“What happens, for instance, is it is very common to get an MRI. Let’s say a thoracic disc is identified. Most often the level would be designated by counting from the C2 level and working your way down to the level of the disc in question, but that is rarely the way counting is done in the operating room. It would be more common to count up from the sacrum or up from the last rib, for instance, and that might then lead you to a different level,” he said.
Imaging is important
To avoid wrong-level spine surgery, Groff said it is important for the same counting technique to be used during both the preoperative MRI and the intraoperative imaging technique chosen by the surgeon, most often a radiograph or fluoroscopy.
However, also adding to the difficulty of a procedure, Groff said, is if the patient is obese or exhibits an unusual anatomical variance that preoperative and intraoperative imaging does not match.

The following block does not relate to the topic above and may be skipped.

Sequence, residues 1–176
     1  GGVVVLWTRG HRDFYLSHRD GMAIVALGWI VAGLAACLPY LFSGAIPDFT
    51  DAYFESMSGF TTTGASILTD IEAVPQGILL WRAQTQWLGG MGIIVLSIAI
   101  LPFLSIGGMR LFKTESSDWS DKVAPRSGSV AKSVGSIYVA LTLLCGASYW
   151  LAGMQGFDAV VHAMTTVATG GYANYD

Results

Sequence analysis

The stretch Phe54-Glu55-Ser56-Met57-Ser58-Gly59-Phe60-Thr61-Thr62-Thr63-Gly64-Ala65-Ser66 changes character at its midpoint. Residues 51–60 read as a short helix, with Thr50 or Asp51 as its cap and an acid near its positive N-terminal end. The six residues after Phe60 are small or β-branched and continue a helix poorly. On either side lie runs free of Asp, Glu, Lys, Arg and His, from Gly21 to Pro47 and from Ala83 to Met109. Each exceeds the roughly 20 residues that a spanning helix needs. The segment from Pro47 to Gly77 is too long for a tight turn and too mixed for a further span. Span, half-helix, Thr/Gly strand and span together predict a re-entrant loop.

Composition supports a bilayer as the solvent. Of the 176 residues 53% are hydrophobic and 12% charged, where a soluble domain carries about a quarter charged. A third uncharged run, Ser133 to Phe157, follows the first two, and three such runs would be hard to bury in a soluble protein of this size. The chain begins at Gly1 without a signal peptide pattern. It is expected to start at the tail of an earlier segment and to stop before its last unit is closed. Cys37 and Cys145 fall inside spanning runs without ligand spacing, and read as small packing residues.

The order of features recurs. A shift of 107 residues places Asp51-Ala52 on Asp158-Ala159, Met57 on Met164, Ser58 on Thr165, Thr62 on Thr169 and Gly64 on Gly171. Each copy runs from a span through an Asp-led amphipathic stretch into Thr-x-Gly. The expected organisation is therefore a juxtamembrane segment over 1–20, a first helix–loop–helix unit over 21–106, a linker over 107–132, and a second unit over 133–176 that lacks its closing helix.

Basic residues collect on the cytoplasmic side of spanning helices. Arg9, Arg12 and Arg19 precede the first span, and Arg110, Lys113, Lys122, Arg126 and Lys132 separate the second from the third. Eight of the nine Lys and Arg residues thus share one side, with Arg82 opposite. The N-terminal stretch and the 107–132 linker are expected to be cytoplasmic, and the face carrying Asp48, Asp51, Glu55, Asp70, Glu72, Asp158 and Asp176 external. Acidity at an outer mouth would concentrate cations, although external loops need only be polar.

“Sometimes the cases are difficult. Maybe it is a heavyweight patient you have trouble getting good quality images of prior to or during the procedure,” Groff said. “In those cases, surgeons should ask for help from either their surgical colleagues or radiological colleagues. It can help with those cases that are confusing or difficult.”
Some of the physicians interviewed for this article, mentioned an anatomical variance as a factor that can easily result in a wrong-level spinal surgery.
Evalina L. Burger